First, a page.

What do malaria, global health and main street journalism have to do with one another? Dr. Claire Panosian Dunavan, a Feinberg alum, wove together her experience in these three fields Tuesday morning for the annual alumni lecture at Northwestern Memorial Hospital.
Panosian had no medical expertise when she spent the summer of 1972 in Haiti. Little did she know the images of malaria, malnutrition and severe diarrhea she encountered would lead her to a career in global health.
Panosian, currently a professor at UCLA in the infectious disease department,
recounted stories from her experiences studying malaria in Africa and Asia. She also talked about her accidental role as a medical journalist and how it enables her to spread awareness about global health.
In 1993, Panosian was invited to participate in a major malaria policy report that recommended subsidizing artemisinin drug combination treatments for the entire global market.
“To see how the policy played out, both perfectly and imperfectly, has shaped my education,” she said. Subsidies for these drugs remain crucial for malaria control today.
Experts underestimated mortality from malaria, according to a February report from The Lancet. “The study shows that mortality from malaria is about twice what we thought it was,” Panosian said. “It’s very worrisome.”
During Panosian’s work with control policies, she noticed a surge of interest in the field of global health from young doctors. She co-founded the global health department at UCLA, where she teaches an introductory course every year.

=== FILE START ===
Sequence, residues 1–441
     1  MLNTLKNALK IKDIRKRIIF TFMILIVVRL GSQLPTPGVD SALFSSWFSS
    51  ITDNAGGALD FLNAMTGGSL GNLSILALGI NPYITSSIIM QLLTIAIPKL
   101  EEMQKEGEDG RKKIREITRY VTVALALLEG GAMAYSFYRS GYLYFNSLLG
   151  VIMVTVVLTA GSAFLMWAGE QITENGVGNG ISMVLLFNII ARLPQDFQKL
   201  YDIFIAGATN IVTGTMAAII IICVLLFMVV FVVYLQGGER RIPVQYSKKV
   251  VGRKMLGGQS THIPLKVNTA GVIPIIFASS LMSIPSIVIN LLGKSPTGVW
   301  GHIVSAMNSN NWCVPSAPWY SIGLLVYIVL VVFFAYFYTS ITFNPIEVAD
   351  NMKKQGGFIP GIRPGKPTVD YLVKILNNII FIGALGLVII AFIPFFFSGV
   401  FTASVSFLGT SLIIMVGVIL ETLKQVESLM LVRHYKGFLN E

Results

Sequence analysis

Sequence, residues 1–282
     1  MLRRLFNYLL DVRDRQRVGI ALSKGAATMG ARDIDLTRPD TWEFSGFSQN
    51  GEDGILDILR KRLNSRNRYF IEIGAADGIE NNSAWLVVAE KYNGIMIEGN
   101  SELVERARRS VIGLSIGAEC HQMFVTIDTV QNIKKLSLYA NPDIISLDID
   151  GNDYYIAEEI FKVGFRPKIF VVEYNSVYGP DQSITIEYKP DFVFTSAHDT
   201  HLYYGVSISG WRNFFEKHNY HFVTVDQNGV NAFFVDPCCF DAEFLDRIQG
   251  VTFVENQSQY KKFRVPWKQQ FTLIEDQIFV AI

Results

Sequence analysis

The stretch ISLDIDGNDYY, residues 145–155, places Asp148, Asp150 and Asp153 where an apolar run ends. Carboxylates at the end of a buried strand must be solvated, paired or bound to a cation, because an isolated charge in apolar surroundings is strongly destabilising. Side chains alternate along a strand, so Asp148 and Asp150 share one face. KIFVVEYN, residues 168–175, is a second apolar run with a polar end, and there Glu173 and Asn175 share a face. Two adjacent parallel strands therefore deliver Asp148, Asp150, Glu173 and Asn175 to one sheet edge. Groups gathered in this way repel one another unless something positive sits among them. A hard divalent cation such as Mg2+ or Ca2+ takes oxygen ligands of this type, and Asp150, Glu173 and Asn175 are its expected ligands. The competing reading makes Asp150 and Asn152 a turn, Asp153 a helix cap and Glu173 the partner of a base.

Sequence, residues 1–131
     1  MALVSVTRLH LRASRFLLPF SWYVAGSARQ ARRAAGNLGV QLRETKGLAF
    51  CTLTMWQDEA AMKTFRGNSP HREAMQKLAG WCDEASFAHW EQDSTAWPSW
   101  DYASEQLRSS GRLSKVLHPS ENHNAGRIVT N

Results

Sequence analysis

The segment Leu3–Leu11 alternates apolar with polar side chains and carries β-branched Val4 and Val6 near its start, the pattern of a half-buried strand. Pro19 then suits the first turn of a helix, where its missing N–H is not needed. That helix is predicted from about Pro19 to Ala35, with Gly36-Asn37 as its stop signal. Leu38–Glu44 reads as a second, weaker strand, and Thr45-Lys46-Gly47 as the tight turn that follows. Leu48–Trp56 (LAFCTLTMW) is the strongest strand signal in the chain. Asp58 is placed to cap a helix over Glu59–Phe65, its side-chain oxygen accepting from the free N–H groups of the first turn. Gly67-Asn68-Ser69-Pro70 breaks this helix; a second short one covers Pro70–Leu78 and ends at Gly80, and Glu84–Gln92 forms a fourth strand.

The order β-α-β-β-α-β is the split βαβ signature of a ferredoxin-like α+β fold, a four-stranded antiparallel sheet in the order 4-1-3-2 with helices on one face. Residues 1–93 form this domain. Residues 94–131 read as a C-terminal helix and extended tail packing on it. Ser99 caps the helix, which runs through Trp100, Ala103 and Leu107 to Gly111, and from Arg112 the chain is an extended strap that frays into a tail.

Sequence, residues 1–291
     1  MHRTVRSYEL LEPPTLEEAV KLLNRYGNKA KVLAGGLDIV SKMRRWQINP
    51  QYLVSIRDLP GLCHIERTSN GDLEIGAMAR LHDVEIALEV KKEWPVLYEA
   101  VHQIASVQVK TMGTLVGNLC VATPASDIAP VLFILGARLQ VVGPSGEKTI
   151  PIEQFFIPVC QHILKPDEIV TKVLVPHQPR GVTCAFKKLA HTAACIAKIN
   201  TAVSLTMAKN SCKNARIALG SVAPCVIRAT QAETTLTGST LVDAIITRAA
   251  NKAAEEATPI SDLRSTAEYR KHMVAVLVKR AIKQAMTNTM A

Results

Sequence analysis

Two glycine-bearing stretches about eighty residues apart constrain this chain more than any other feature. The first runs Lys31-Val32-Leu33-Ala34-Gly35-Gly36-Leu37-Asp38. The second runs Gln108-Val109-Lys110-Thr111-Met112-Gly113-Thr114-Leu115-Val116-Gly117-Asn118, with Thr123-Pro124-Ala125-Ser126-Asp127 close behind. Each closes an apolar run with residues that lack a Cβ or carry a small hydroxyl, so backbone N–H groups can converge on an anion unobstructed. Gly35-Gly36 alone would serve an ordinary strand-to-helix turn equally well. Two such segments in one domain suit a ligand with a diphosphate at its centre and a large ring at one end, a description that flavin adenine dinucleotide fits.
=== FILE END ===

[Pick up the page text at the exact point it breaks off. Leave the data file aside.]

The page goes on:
“I expect my students to understand health and finance indicators, such as life expectancy and fertility rates,” Panosian said. “We should all understand these statistics as global citizens.”
The public, inundated with blogs, single-source articles and short health clips on the nightly news, is uncertain about what’s happening in medicine. “There’s a traditional role of medical experts to assist and advise professional journalists,” Panosian said.
She encouraged fellow medical professionals to harness their expertise and use their voice to help the public understand health issues. “It isn’t as hard as you think to write an op-ed for your local paper.”
Panosian writes about global health and other medical issues for Los Angeles Times, Scientific American and Discover Magazine. “Starting with a local audience is a great way to expand and to introduce global health,” she told the crowd of doctors and medical students. “People will turn to trustworthy sources and you are those sources for certain topics.”